Covid cases near peak of second wave as schoolchildren fuel rise

·2-min read

Covid infection levels in England are getting close to the peak seen at the height of the second wave and are mostly being driven by rates among schoolchildren.

Overall, one in 60 people in private households in England had Covid-19 in the week to October 9, up from one in 70 the previous week.

One in 60 is the equivalent of about 890,000 people. At the peak of the second wave in early January, around one in 50 was estimated to have coronavirus

Around one in 10 students from school Year 7 to 11 had coronavirus in the week to 9 October, according to the Office for National Statistics (ONS.)

When modelling the level of Covid-19 infections among different age ranges in England, the ONS said rates have increased for those in school years 7 to 11, people aged 50 to 69, and those aged 70 and over.

Rates have also increased for people aged 50 to 69, those aged 70 and over, and there are early signs of a possible increase for people from school Year 12 to age 24.

In Wales, around one in 45 people was thought to have Covid-19 in the week to October 9, up from one in 55 the previous week and the highest since estimates began in July 2020.

In Northern Ireland, the latest estimate is one in 120, up from 130 the previous week, and in Scotland the figure is around one in 80, down from one in 60 the previous week.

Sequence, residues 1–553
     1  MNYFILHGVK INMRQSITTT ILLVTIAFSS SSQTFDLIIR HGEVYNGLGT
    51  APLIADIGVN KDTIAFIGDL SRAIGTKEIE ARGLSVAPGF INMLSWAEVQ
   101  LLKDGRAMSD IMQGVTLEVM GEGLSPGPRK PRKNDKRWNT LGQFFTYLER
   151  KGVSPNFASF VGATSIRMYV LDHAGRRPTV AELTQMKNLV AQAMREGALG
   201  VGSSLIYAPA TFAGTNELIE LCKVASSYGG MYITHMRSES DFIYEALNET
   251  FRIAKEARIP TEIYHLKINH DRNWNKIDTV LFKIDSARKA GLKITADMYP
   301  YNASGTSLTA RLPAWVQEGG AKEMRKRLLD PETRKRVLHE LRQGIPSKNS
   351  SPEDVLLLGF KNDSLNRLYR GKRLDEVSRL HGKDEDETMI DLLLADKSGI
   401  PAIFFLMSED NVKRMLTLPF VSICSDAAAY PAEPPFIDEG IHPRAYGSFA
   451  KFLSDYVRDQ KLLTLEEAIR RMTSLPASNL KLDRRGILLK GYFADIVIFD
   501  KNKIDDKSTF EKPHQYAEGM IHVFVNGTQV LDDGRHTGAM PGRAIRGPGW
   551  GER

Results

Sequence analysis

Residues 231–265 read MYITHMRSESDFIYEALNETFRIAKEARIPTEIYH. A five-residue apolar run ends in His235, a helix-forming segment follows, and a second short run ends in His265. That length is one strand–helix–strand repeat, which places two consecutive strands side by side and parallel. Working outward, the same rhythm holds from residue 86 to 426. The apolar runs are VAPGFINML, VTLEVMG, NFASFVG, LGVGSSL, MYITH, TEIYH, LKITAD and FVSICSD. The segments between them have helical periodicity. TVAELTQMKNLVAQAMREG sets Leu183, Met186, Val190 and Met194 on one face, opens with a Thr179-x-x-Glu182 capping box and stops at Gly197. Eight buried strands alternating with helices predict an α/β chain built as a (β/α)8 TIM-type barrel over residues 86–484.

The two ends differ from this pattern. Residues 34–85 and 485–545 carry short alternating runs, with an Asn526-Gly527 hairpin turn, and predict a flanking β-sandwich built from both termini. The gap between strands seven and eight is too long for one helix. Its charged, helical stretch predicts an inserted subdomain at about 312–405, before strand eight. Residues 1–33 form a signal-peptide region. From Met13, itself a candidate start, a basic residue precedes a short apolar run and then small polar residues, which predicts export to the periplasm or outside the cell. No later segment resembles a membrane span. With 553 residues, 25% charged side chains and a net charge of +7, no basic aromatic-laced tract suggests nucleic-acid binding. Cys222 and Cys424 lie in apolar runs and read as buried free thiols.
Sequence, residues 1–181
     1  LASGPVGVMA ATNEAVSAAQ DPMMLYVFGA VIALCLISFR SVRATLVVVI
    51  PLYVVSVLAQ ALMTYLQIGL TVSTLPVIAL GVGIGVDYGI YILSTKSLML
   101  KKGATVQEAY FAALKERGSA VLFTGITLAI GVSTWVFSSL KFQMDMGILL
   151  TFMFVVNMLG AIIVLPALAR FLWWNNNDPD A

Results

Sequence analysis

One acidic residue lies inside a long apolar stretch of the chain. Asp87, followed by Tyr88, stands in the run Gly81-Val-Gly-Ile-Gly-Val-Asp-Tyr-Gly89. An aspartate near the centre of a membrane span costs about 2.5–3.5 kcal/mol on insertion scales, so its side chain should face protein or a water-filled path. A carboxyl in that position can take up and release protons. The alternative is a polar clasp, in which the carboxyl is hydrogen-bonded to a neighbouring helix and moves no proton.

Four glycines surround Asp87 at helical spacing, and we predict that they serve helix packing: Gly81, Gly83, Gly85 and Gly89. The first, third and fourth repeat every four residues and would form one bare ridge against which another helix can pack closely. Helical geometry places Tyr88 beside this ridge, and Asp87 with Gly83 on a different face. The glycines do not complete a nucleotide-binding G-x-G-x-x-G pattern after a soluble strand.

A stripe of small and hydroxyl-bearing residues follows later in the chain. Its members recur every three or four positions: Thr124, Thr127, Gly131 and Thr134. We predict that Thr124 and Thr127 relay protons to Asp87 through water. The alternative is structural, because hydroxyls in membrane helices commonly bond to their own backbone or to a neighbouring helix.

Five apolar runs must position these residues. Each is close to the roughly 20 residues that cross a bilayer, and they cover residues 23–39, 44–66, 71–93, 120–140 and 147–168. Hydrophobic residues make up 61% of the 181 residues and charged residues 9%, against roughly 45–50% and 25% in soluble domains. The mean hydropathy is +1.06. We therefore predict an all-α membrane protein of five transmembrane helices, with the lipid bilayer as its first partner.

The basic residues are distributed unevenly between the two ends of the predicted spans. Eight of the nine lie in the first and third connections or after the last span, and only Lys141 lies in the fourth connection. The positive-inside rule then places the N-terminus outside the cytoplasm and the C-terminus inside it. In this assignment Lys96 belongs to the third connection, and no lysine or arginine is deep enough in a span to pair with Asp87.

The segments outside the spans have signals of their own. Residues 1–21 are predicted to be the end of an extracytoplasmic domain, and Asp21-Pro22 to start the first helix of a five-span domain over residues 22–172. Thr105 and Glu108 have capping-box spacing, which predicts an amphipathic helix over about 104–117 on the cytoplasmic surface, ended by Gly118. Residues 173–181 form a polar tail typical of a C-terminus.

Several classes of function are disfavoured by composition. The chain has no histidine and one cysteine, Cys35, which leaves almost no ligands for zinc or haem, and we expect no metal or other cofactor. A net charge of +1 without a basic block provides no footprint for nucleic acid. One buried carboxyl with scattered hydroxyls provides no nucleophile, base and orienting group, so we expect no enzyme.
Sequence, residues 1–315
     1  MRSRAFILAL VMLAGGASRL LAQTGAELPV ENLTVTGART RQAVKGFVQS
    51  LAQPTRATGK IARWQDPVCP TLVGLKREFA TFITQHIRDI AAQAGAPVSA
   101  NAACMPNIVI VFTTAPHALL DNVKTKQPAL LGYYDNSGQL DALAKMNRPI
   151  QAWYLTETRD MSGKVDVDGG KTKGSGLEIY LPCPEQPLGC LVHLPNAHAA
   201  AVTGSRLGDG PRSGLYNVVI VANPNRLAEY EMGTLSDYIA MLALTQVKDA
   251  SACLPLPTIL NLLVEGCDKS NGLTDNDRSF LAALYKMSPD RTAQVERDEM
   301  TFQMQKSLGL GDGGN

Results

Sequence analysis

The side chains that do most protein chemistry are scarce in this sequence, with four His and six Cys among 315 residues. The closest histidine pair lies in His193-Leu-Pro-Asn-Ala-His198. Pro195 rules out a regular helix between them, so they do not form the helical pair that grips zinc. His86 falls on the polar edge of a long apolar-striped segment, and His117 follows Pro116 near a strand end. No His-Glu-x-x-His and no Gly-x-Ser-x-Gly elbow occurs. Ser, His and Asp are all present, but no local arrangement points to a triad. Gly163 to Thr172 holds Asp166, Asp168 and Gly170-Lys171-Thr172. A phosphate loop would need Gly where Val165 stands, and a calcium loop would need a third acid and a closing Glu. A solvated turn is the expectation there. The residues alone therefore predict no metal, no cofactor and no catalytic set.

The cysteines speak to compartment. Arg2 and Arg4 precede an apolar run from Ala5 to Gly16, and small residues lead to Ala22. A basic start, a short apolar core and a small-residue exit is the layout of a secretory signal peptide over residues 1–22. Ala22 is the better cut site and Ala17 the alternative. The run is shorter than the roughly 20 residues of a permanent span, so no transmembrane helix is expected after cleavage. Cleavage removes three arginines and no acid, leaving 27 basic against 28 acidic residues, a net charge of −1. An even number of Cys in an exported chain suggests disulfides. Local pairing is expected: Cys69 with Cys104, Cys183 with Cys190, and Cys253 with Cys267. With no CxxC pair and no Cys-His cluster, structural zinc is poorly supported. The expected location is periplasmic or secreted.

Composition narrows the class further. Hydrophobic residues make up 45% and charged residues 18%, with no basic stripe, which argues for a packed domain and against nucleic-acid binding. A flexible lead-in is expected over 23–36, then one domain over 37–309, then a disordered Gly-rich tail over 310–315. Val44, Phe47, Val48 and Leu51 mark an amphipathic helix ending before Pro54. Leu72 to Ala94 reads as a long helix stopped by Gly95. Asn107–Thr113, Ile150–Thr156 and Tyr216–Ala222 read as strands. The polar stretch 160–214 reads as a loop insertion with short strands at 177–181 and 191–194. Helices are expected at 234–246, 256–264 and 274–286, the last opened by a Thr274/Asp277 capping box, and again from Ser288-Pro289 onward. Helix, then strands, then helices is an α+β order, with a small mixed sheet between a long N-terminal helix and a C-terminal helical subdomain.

While infection levels in England are high, they are not leading to the same level of hospital admissions and deaths as during the second peak thanks to the success of the vaccination campaign.

The spread of the virus is most prevalent among younger age groups who have not been vaccinated, or who have only been jabbed in recent weeks.

The percentage of people testing positive for Covid-19 is estimated to have increased in all regions of England except the East Midlands, London and the North East, the ONS said.

It came as NHS England said more than three million top-up Covid-19 jabs have been delivered in four weeks.

A total of 3.1 million boosters have been given, with two in five people aged 50 and over who are eligible coming forward, it said.

More than a third of health and care workers who are eligible have also had their booster vaccine.

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